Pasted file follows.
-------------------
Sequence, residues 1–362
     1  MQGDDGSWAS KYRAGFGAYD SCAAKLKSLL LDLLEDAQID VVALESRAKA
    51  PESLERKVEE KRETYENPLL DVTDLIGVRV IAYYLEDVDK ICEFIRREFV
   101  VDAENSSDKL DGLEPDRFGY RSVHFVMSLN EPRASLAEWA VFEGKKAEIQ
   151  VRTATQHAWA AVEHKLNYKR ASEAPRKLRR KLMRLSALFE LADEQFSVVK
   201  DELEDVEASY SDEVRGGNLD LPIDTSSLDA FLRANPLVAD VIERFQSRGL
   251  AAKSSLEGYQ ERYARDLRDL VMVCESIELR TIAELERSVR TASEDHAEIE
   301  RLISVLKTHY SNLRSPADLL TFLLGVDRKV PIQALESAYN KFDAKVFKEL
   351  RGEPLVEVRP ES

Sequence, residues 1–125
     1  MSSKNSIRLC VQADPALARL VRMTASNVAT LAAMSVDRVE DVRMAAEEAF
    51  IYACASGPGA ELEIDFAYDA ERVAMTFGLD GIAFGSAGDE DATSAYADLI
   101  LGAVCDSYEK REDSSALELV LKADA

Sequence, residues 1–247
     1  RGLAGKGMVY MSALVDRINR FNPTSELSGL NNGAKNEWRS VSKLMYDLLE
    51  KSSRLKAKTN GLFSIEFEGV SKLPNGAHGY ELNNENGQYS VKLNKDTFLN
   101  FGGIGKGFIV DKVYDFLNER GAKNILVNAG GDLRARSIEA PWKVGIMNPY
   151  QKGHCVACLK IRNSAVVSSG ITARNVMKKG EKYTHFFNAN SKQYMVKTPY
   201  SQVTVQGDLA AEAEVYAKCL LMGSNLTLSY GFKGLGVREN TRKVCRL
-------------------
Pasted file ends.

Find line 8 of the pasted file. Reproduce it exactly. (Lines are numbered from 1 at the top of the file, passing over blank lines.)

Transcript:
   301  RLISVLKTHY SNLRSPADLL TFLLGVDRKV PIQALESAYN KFDAKVFKEL